It is well known that La Verne visibly lags other cities when it comes to “on the ground” bicycling infrastructure. What is less known is that many of La Verne’s guiding documents have specific plans and diagrams outlining a fairly robust network of bike lanes and paths. However, it can require a fair amount of effort to locate the various plans to create a complete picture.
The “Plans and Documents” of the “About La Verne” Section pulls all the biking/walking related sections of La Verne’s formal guiding documents into a single location. This allows you to easily click on each, and see what was planned and compare them easily.
Additionally, this page contains an overview of the Bicycle Gap Closure Project, a project that La Verne proposed as part of a grant application. La Verne was successful in its application and is now in the design phase for this project. Here you will find the original diagram proposed, a modified version presented to City Council and the full grant document.
La Verne is in the process of developing a new General Plan, as well as its first-ever Active Transportation Plan in 2018. These are welcomed and anxiously anticipated improvements. However, while they are likely to include more up-to-date designs (addressing the realities of the 210 freeway and the Gold line), most of the existing diagrams are likely to be incorporated as they are fairly logical.
CicLaVia has formally announced the “Heart of the Foothills” Open Streets event for 2018. The route will be Aprill 22 (Earth Day) and will include San Dimas, La Verne, Pomona and Claremont. LVBC will be there and we are looking forward to seeing the streets of La Verne filled with people walking and biking.
La Verne has the benefit of being located in an area with many organized groups. These groups plan a large number of group rides of all types (mountain and road), for all levels(from beginner to expert). Not only do these provide opportunities to meet and ride with others, many of the groups start, finish or visit businesses in La Verne.
On its new website, LVBC is building a comprehensive view of the groups and the rides of interest. A single view of all the groups in the surrounding area, along with contact information is available. Additionally, a list of regularly - reoccurring rides that start/ finish/ visit or travel through La Verne has been developed, giving a quick view by day of the week.
You can find both lists, plus other information on where to ride here.
La Verne is currently developing a new General Plan which will set the priorities and direction of the City for the next 20 years. Initial workshops have been encouraging as the need for safer and better bicycling/walking has been a prominent part of the discussion. As part of the process, the City is now conducting a survey, and yes there are questions related to bicycling improvements, and opportunities to make suggestions. This is an easy way to help shape what La Verne will look like in the coming years. You can find the link to the survey here:
Claremont recently gave final approval to a major redesign of Foothill Blvd which will include pedestrian improvements and protected bike lanes (the first in the area?) On the East end these will connect with the lanes recently implemented by Upland during their rehab. La Verne currently has no plans to improve Foothill Blvd, and it was recently repaved and repainted in its prior configuration. Foothill is also one of the streets with the highest number of bicycle involved collisions within the City.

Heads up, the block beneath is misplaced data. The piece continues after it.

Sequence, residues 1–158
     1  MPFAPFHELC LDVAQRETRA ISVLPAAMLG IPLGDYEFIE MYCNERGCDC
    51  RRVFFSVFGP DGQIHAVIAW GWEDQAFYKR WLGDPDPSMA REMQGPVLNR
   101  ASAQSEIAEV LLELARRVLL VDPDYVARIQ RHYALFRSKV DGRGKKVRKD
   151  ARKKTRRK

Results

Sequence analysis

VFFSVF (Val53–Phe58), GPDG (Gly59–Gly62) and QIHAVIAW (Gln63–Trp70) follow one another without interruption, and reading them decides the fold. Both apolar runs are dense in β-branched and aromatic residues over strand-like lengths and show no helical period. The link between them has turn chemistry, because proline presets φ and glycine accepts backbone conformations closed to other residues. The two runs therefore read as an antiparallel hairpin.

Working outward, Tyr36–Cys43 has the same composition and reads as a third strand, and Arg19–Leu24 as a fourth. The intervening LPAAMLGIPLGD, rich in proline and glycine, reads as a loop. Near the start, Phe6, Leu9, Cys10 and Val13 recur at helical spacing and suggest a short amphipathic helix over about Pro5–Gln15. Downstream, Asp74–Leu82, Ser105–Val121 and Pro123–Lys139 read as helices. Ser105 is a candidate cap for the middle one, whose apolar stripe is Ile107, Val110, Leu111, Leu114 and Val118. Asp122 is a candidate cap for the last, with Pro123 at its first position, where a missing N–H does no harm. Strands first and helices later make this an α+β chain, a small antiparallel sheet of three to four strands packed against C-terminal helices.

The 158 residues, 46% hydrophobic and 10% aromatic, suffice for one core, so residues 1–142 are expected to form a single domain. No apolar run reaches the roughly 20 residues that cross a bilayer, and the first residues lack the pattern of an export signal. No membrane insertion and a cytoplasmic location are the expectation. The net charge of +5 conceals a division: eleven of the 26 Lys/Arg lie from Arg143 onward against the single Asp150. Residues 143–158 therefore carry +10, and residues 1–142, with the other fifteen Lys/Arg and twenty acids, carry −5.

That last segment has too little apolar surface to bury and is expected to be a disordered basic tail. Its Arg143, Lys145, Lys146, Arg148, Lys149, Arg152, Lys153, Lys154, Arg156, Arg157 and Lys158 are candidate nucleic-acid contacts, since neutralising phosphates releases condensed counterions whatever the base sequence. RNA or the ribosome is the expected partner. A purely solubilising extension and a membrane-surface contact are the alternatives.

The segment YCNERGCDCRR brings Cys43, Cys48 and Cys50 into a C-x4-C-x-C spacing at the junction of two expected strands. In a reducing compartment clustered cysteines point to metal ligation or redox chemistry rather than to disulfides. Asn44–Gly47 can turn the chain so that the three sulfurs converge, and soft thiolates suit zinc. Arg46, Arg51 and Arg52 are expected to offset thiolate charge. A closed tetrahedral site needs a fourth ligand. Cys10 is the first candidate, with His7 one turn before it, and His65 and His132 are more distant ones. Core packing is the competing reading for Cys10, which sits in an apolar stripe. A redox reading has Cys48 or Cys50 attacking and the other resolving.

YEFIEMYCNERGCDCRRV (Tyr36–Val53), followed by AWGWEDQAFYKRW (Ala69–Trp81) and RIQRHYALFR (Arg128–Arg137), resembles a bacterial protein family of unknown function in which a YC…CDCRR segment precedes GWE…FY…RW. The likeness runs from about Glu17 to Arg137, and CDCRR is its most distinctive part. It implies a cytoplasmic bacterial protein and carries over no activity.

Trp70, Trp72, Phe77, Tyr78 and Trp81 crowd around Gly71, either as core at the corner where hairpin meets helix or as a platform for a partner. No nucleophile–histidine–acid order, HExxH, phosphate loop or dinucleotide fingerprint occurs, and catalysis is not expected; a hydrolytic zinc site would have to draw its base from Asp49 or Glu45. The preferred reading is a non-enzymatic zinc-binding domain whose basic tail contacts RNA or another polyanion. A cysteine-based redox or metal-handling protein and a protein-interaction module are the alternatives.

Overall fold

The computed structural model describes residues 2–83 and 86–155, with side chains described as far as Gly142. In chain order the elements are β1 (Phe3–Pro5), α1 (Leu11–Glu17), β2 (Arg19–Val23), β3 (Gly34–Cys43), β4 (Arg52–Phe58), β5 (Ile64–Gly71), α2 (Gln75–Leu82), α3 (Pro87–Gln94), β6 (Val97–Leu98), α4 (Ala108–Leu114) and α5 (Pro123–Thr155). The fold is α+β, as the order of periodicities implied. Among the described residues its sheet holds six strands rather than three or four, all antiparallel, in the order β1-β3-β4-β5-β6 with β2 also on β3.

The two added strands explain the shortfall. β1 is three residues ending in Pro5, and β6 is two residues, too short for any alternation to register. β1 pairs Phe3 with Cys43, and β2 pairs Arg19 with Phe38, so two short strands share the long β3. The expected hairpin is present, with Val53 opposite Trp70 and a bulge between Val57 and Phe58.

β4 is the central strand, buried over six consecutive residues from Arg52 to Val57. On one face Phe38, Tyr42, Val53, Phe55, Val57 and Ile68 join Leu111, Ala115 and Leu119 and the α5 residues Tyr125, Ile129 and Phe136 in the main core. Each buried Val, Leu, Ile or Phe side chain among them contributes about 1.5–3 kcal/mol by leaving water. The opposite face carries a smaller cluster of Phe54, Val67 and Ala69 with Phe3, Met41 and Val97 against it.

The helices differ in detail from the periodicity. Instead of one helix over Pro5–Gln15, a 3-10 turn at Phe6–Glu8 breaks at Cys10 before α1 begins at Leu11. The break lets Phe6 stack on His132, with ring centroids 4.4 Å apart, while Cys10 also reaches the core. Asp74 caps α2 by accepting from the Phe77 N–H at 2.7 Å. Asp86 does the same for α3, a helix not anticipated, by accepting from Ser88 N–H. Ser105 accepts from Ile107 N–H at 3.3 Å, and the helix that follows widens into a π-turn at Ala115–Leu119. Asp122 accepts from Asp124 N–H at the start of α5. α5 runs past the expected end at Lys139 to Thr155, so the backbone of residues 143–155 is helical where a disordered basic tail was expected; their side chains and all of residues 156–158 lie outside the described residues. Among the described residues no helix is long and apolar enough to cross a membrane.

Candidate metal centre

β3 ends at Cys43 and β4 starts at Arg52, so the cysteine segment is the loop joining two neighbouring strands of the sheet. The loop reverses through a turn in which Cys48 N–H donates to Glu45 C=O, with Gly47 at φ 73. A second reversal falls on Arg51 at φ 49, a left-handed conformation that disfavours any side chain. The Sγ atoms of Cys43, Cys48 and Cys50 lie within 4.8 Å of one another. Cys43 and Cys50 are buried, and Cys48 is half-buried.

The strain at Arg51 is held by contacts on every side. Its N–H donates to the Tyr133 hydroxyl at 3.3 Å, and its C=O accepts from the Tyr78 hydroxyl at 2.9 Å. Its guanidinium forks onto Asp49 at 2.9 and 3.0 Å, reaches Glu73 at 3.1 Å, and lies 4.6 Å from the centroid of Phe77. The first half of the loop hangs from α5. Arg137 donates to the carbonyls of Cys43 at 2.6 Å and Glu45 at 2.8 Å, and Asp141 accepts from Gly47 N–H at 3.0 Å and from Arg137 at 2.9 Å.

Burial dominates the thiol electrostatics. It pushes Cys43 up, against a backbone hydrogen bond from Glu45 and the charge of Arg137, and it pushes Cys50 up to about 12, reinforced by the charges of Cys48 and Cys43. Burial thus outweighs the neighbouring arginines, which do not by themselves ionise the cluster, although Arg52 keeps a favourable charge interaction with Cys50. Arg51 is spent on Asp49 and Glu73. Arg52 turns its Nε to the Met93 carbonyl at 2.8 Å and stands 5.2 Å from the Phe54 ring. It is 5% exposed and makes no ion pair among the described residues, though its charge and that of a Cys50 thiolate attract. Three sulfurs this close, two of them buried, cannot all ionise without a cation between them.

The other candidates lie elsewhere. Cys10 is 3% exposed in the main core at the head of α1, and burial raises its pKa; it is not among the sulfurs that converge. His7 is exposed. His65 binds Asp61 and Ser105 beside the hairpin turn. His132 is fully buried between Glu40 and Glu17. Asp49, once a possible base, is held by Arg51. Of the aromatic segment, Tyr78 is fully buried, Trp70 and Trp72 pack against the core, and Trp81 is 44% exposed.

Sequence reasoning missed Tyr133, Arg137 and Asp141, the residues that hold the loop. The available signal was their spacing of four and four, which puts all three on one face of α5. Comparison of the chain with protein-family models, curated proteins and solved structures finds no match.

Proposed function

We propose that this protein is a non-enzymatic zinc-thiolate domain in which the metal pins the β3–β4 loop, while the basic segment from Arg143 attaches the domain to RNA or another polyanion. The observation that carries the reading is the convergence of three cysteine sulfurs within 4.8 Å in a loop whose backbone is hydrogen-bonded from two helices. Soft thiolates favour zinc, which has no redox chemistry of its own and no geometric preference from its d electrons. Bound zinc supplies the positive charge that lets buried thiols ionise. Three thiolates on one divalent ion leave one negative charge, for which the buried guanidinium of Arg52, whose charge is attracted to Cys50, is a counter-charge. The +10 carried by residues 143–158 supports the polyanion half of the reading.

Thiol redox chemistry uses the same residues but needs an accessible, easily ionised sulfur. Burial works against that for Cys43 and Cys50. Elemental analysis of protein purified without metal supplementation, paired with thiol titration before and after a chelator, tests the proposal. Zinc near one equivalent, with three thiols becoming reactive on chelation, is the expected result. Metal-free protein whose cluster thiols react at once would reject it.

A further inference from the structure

La Verne online featured an article about the Class I / Class II bike lanes on Arrow Highway on its cover. While there are many opinions about the options described, it is encouraging to see options to improve bicycling gaining visibility in La Verne.
At the Dec 18th, the La Verne City Council Meeting heard recommendations from staff regarding a bike path/bike lanes along Arrow Highway (which was originally proposed in a grant the City received). Due to conflicts with the Gold Line, the Council approved discontinuing the effort to put a dedicated bike path (Class 1) next to Arrow Highway. This is logical as the Gold Line has informed the City it will require all the space available, and there will not be room for the bike path.
However, because the original grant included the Class 1 path, there is concern that Cal Trans may require the return of a portion or all of the grant funds, which would inhibit the City from making other improvements across the City for bicycling. Alternatively, Cal Trans is asking the City to remove a lane in each direction and add bike lanes on Arrow Highway to keep with the intent of the grant. Removing lanes on Arrow Highway obviously raises other concerns, and several residents spoke out against this.
The City Council asked staff to pursue further discussions with Cal Trans, and explore options available. The results of these discussions are expected to come back to the Council at a later date.
This is the second time better accommodations for bicycling was discussed at the City Council in the last two months. Again all the members and the Mayor spoke of the importance and the need to improve. It’s encouraging to see the topic increasingly be part of the mixture at the City Council level reflecting its growing importance.